Kids Are Still Kids

jan-coates-2I’ve been doing some school author visits lately, and it’s always interesting walking into a classroom full of strangers, most often from grades primary to eight for me. I like kids, their honesty, energy and enthusiasm, and doing school visits really inspires my writing; it’s a great research opportunity. For the most part, students are attentive, and they can ask some pretty funny questions, often about my dog since I include Charlie in my PowerPoint, along with my other family members, the people who help me be a writer on a daily basis. Giving four presentations in a day pretty much tires me out – how do teachers do it day after day?

The thing that always strikes me is that kids are still readers and they’re still p1000574kids, despite the internet, technology, etc. that brings the world to their fingertips regularly. There are still shy kids (often those paying closest attention), bold kids looking for a laugh, in-between kids, and, sadly, left-out kids. Middle-school students are still trying to figure out their place in the group; the “cool” kids are still trying to stand out in various ways and venturing into the confusing, yet thrilling, world of relationships.

 

I always browse the bulletin boards at schools. I took these pics when visiting a school in BC during TD Book Week last year. One thing I’m careful about these days is to never gender-specify when calling p1000578on a student. There are always plenty of volunteers willing to share their writing, and it’s not always the “out-there” kids you might expect. I ask volunteers who want to present to write their own names on the board. One grade 8 student, in a classroom featuring a rainbow flag, proudly told me they’d made up the spelling of their name – Jaycob. Generally, it seems like kids today are a lot more free to express themselves, to be who they want to be than in my long-ago school days, when everybody seemed to be conservative and fairly conforming. Maybe I’m being naive, but I’m cautiously optimistic that this means the adults of the future will be more accepting and open… What do you think?

Wandering and Wondering through 2015

As I’ve been sitting around eating chocolates, drinking coffee and enjoying having both kids home for the holidays, I’ve also been reflecting on 2015, a busy year for me, especially in terms of writing. I did lots of wandering (14 trips by air, thousands of kilometers – a few too many, I think – Cuba, Georgia, Vancouver, Surrey, Port Coquitlam, Port Moody, Toronto, Maine, Ottawa, etc.) and plenty of wondering, marveling at sights I saw, things I heard. I met hundreds of readers, and lots of writers, too, including Alice Priestley, the illustrator of my first book, Rainbows in the Dark (2005).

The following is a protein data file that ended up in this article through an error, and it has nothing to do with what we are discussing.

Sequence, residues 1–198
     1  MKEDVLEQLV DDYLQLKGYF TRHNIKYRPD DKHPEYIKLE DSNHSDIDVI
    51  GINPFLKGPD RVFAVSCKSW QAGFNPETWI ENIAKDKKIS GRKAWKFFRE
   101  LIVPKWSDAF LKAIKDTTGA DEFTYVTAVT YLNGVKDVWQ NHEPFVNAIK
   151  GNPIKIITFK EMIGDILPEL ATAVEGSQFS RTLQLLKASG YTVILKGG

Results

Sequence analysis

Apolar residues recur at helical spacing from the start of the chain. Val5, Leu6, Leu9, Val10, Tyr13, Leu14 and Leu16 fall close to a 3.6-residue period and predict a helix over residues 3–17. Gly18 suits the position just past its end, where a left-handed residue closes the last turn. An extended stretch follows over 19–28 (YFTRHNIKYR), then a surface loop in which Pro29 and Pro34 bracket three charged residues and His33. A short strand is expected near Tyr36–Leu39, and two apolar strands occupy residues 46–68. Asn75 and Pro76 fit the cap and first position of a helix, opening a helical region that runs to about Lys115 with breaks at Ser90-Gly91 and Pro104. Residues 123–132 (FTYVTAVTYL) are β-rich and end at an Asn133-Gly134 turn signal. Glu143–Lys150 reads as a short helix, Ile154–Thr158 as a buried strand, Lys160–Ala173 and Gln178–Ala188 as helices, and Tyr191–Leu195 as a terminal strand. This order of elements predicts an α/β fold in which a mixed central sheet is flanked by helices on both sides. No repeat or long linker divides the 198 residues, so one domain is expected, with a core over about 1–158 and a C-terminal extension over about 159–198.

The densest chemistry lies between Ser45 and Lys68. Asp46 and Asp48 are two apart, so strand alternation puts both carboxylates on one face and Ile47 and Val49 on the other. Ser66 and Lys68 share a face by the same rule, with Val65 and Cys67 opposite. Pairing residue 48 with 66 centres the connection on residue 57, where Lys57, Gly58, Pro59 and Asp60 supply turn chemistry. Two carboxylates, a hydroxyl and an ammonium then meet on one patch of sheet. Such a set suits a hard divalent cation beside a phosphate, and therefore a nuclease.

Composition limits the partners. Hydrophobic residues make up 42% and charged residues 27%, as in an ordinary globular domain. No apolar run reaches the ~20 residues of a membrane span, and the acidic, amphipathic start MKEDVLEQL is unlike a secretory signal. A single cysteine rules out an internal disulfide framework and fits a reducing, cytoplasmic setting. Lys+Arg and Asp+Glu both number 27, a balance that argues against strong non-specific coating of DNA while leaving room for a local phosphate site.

In May, one of my favorite moments was seeing the mountains in British Columbia, a glorious sight I hadn’t seen since 1981. Stunningly beautiful! P1000544Another favorite, as part of TD Book Week, was arriving at a Sikh private school, donning a bright orange headscarf (which clashed with my pink shirt), before being greeted enthusiastically by a hundred smiling five and six-year-olds, several asking if I really had written If Dogs Could Talk, one of my books with Caramel Tree Readers. So sweet.

P1010166

With fellow juror (and new friend:) Rachna Gilmore.

In  December, I had dinner at the Governor General’s house, Rideau Hall, in Ottawa, and got to enjoy the company of many of Canada’s literary luminaries, briefly. In the lead-up to that Literary Awards ceremony, as part of the jury (with David Poulsen and Rachna Gilmore), I had the privilege of reading 148 Canadian novels published for young readers in 2014/15. There’s a lot of talent in our midst!

My newest book, The King of Keji, came out from Nimbus in June, I wrote (and read) pretty much every day all year, and saw my first (and possibly last) coy-wolf while loving being artist in residence at Fool’s Paradise, former home of Canadian artist, Doris McCarthy, overlooking the Scarborough Bluffs.

Fool's Paradise - a perfect reflection.

Fool’s Paradise – a perfect reflection.

2016 looks like it will be a less busy year, but before 2017 arrives, I’m hopeful of finding homes for the two novels I think I’ve finally finished polishing (possibly, maybe, hopefully…). And, of course, lots of new ideas to start getting down on paper. Also, Sky Pig (with intricate plasticine illustrations by Suzanne Del Rizzo) 9781927485989 (2)will fly out from Pajama Press in April, 2016.

Sincere thanks to YOU for being part of my year; I hope your 2016 will be pleasantly busy, full of good health and cozy time spent with those who matter most to you. Take good care of yourself, and I hope to see you again next year!